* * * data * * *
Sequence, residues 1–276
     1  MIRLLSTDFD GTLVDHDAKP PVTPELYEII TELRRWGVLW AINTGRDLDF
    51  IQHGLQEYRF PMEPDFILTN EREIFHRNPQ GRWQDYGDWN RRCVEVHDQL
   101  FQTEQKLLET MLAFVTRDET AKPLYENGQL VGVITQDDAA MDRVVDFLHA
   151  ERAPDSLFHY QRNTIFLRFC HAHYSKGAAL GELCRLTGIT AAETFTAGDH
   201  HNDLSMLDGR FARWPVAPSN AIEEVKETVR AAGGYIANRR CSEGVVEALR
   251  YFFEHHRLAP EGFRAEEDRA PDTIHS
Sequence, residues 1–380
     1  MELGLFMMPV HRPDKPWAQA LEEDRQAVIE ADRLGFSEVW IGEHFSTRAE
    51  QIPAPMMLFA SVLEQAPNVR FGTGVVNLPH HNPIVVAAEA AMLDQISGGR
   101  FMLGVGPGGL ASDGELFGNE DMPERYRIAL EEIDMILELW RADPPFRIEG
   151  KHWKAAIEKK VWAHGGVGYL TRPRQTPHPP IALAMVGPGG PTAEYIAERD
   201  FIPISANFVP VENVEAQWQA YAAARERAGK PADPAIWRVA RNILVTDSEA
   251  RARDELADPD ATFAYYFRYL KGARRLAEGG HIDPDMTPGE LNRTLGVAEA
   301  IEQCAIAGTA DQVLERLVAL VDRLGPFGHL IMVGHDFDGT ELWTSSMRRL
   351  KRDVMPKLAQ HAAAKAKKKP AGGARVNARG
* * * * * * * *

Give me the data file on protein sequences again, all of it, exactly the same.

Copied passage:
Sequence, residues 1–276
     1  MIRLLSTDFD GTLVDHDAKP PVTPELYEII TELRRWGVLW AINTGRDLDF
    51  IQHGLQEYRF PMEPDFILTN EREIFHRNPQ GRWQDYGDWN RRCVEVHDQL
   101  FQTEQKLLET MLAFVTRDET AKPLYENGQL VGVITQDDAA MDRVVDFLHA
   151  ERAPDSLFHY QRNTIFLRFC HAHYSKGAAL GELCRLTGIT AAETFTAGDH
   201  HNDLSMLDGR FARWPVAPSN AIEEVKETVR AAGGYIANRR CSEGVVEALR
   251  YFFEHHRLAP EGFRAEEDRA PDTIHS
Sequence, residues 1–380
     1  MELGLFMMPV HRPDKPWAQA LEEDRQAVIE ADRLGFSEVW IGEHFSTRAE
    51  QIPAPMMLFA SVLEQAPNVR FGTGVVNLPH HNPIVVAAEA AMLDQISGGR
   101  FMLGVGPGGL ASDGELFGNE DMPERYRIAL EEIDMILELW RADPPFRIEG
   151  KHWKAAIEKK VWAHGGVGYL TRPRQTPHPP IALAMVGPGG PTAEYIAERD
   201  FIPISANFVP VENVEAQWQA YAAARERAGK PADPAIWRVA RNILVTDSEA
   251  RARDELADPD ATFAYYFRYL KGARRLAEGG HIDPDMTPGE LNRTLGVAEA
   301  IEQCAIAGTA DQVLERLVAL VDRLGPFGHL IMVGHDFDGT ELWTSSMRRL
   351  KRDVMPKLAQ HAAAKAKKKP AGGARVNARG